Lack or loss of libido is the third most often heard complaint I hear from women in the peri/menopausal transition (hot flashes first, disrupted sleep second). While I am firmly convinced that (bioidentical) hormone balance goes a long way in restoring the libido of both men and women, sexuality is a complex topic and is influenced by physical, emotional, spiritual, and perhaps even financial aspects.
Dr. Diana Hoppe has written a book entitled Healthy Sex Drive, Healthy You. She is a board certified OB/GYN practicing in Southern CA. Her book covers a myriad of topics, including:
Eight Reasons Why Sex is Good for You
First thing that struck me in this chapter is the question "What exactly is sex?" You might be surprised. Dr. Hoppe gives us a number of reasons to want our sex lives to be healthy. Best line in the chapter (page 27)--sex is a form of exercise! We all know how important it is to exercise, right? The second part of the chapter discusses ways to keep your libido in top shape, and one of the things I like about this book is that there are tips that apply to most women, not a bunch of crazy ideas about ropes in the bedroom and exotic oils.
What is Libido, and Why Is It Erratic?
Important discussion about the differences in libido in men and women --- not just the level of libido (and I know, insert your own joke here), but a good explanation of how the libido in men and women work. Learn about how a woman's sex drive ebbs and flows with the different stages, of her life, and how hormonal changes can affect her libido.
Our society is so bombarded in the media with what we should think of as the "perfect" body, skin, hair, and oh, yeah, you have to be young! No wonder as we enter our middle (I prefer to think of them as wiser) years, we see ourselves and our changing bodies as dumpy, unattractive, useless, dried out, and so on. Who wants to have sex when you don't even want to be with your own body? A discussion of enabling a healthy self esteem (no, you aren't going to read this and suddenly love yourself, but there are important points in this chapter that will make you think), and how self esteem affects your libido.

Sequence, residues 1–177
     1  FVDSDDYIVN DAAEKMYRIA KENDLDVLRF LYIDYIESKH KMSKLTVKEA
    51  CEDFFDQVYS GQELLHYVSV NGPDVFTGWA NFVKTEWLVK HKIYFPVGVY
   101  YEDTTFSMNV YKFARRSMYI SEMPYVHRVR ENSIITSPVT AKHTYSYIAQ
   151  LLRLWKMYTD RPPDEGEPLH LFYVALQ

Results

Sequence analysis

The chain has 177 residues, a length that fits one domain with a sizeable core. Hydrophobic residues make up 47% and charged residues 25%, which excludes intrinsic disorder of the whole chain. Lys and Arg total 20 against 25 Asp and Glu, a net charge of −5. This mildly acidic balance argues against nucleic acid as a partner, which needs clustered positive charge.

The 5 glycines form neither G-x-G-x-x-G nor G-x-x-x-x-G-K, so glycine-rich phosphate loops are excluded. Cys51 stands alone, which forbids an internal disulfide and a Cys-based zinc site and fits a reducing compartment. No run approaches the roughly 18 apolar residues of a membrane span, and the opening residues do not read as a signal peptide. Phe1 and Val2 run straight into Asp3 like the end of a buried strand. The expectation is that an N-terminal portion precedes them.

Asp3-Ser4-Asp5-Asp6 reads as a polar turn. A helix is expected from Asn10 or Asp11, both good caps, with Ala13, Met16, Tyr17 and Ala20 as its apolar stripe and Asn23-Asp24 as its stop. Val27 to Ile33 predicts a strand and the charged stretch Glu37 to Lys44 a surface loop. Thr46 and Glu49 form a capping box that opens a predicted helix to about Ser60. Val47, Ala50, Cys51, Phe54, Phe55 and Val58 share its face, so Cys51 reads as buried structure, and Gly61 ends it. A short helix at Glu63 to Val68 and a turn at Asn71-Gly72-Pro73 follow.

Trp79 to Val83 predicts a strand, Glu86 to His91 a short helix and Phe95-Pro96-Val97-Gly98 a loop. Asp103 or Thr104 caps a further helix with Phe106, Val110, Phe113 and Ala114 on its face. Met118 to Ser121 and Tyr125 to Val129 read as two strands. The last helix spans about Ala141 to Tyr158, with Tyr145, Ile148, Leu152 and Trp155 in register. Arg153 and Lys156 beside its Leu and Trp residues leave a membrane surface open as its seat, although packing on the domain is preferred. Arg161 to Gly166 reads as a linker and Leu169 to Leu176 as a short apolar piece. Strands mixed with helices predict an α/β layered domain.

His and Her Sex Drives: What Was God Thinking? (love this one!)
I loved this chapter and learned so much! There are truly differences in men and women's brains that affect sexual desire, function, etc. There's even a chart! Why women's brains are more susceptible to depression (and no, it's nothing to do with being stronger or weaker).
Fueling Desire: Aphrodisiacs and Scents that Charge Libido
Foods and scents that may have an effect on female and male sexual desire. Somewhat interesting reading, but likely my least favourite chapter in the book.
The Stress-Libido Connection: is Stress Killing Your Libido?
Stress is a libido killer, probably more so for women than for men. We live in a 24/7, full on busy society, which of course makes stress a bigger problem. At the peri/menopausal life stage, women our age are often dealing with children, elderly parents or other family members, busy careers, changing bodies, huge life changes (children going away to college, empty nest syndrome, having to deal with constantly changing technology), and it wears us out so much that sex gets way, way down on the list of priorities. This is the chapter to be read with a highlighter in hand, and hopefully will make you want to examine your life and see if there aren't some changes/tweaking to be done to reduce your stress levels.
FSD: The Female "Erectile Dysfunction"